Over the course of the next two years, I cheated on her with 19 people. She found out because I broke my “rules” for someone—I made an exception and I let things get too far. When I tried to call things off with her, she went all Fatal Attraction on me. After she threatened to tell my boss about the affair and have me killed, she emailed my ex wife and told her everything.
We tried therapy and my ex temporarily moved back to her home state. She went to one therapy session with me, and I continued going alone for quite a while; I guess she thought this was my problem to deal with and she was blameless. I decided to stop cheating and to focus on fixing our marriage, and things went back to somewhat normal for a few months. She got pregnant a third time, and then the sex stopped again. I’d come home from work and go to give her a hug, and she’d put her hands on my chest and push me off. I’d try to snuggle her at night and she’d kick me off and complain she was hot. If you’ve never had someone you love so much you’d die for her do that to you, well, let me tell you, it’s the worst f**king feeling in the world.
Eight months into that, I met a woman who was a swinger. We knew and trusted each other, and there was mutual attraction. It seemed like a safe way to meet my needs without getting emotionally involved. Unfortunately, I made the mistake of leaving my iPad at home for my son to play with one day, while I was at work. During the course of the day, I was texting with this woman about where to meet, and all the texts were also going to the iPad. So I got a call at work from my wife, and that was it—the end.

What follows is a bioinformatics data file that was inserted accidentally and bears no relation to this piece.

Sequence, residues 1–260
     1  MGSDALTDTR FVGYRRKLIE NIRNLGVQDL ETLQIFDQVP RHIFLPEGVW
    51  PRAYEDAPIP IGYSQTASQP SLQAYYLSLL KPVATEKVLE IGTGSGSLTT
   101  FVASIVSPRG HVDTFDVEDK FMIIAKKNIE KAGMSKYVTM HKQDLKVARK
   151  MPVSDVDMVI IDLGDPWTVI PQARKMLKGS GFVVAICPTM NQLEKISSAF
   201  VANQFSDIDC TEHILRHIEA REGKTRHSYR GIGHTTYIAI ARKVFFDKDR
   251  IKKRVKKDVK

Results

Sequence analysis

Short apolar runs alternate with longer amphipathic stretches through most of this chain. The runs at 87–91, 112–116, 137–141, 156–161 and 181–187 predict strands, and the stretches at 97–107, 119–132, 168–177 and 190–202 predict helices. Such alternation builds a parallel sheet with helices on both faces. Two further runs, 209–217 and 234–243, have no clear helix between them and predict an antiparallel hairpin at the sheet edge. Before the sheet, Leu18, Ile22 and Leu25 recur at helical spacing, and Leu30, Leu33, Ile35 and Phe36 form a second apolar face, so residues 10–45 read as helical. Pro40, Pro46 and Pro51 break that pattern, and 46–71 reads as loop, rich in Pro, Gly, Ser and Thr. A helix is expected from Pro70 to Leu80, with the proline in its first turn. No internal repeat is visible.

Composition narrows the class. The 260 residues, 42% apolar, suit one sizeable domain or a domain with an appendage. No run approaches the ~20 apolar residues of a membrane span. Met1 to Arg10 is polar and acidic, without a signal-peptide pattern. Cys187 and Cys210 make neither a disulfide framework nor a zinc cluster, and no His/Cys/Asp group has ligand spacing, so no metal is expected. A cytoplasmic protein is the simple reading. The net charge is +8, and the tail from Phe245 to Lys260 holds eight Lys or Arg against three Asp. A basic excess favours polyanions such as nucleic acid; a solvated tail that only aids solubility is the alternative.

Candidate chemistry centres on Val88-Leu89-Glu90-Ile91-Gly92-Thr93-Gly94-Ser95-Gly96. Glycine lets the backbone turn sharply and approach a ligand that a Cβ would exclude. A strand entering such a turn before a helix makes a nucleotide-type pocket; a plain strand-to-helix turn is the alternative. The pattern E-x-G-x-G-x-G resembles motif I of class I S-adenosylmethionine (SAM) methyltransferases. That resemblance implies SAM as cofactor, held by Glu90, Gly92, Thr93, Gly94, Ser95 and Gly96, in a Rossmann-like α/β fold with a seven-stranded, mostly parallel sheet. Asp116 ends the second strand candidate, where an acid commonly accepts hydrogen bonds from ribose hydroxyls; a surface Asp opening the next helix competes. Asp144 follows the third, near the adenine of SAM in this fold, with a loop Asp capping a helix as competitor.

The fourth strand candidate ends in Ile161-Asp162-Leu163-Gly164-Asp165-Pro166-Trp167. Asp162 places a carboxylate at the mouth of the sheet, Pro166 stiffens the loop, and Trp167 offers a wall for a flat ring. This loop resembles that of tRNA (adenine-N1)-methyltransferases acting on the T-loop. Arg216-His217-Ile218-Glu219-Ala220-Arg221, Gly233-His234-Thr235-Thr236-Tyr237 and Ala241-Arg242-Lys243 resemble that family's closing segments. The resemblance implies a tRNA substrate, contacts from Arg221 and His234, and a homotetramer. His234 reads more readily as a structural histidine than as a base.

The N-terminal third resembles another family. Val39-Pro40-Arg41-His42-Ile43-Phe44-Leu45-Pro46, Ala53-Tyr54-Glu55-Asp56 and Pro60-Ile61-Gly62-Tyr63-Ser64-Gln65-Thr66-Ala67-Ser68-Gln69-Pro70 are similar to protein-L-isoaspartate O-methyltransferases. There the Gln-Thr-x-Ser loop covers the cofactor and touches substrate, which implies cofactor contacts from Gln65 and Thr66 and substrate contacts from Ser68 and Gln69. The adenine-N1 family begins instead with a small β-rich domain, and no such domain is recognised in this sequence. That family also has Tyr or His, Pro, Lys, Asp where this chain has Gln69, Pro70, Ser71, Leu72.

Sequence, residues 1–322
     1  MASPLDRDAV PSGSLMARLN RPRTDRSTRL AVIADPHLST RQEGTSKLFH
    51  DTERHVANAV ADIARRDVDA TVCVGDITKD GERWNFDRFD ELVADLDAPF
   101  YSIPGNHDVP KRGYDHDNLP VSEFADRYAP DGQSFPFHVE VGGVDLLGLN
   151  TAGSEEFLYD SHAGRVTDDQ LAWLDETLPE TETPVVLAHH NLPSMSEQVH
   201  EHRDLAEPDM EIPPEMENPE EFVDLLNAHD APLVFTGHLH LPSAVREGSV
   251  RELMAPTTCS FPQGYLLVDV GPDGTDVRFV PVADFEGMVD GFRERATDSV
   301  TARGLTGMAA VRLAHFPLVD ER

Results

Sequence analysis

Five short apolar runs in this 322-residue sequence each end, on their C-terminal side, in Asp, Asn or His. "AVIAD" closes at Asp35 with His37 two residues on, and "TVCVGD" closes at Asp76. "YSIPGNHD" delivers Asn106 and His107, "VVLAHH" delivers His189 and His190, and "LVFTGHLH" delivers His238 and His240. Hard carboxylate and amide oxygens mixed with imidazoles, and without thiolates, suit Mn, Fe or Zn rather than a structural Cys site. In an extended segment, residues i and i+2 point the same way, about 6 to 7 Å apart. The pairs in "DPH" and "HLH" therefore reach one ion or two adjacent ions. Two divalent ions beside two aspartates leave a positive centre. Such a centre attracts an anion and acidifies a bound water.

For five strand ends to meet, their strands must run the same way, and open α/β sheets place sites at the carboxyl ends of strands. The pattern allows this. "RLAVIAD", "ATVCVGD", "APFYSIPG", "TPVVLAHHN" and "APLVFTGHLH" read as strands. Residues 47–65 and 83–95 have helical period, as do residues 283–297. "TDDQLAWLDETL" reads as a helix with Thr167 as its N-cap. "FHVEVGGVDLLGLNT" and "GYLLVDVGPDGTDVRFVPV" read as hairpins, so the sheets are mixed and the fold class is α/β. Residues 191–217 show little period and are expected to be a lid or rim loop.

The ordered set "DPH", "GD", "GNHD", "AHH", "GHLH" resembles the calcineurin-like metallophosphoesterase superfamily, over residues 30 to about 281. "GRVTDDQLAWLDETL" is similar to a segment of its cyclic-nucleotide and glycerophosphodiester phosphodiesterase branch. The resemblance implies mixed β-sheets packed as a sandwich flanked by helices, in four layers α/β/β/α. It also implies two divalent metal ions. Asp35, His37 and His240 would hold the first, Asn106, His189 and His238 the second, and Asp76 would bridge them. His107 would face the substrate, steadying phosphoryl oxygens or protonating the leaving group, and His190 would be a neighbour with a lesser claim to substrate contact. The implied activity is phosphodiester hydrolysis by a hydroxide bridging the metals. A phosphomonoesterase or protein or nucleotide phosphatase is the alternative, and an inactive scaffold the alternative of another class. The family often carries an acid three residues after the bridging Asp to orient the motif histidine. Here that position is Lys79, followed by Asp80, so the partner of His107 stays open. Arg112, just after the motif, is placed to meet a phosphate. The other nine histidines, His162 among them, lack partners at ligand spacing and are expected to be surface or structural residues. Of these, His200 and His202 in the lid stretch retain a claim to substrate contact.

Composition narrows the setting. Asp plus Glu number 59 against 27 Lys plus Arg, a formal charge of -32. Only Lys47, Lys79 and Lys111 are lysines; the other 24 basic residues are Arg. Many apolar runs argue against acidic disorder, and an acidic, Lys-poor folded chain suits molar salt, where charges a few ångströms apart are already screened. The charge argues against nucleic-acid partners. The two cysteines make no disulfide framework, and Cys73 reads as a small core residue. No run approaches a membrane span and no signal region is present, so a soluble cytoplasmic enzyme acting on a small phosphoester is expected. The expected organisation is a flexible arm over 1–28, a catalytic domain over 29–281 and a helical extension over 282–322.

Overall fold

She had told me the first time around that if she ever caught me cheating again, it would be over. I went home that day and she said she wanted a divorce. I’m not one to play games with people, so I agreed to it immediately. Later on, she asked to move back to her home state with our kids, and I let her do that, too. Sometimes, I regret it. My kids are so far away now. I see them as often as I can, but my ex is engaged to this guy who is so racist and just—has totally different values—and I’m so afraid that my kids will pick that up. Although, they’re sharp as hell.
To be honest, more often than not during our relationship, I felt like she was trying to sabotage our marriage. I did something bad, yes—I self-medicated. I found other people who were hurting, and we provided each other adult company. I didn’t cheat because I had some inherent drive to cheat; I did it because I was in pain and I desperately needed affection and human contact. I realize how pathetic that sounds and I really don’t miss how miserable I was back then.
But every once in a while, I miss her as a person. I miss eating ice cream with her and watching some nerdy show. I miss hiking with her or singing along to songs with her in the car. I really miss the home we built together. I miss being parents to our kids with her—we were different, yeah, but we really clicked where it mattered: on values, morals and how we treated people.
I’ve never told her how I feel. Divorce is hard, and there are times when it doesn’t feel right. There are times that I really regret not waiting until the “cool down” period to decide on the divorce, too. But I just have to believe that we made the right choice, and I have to move on.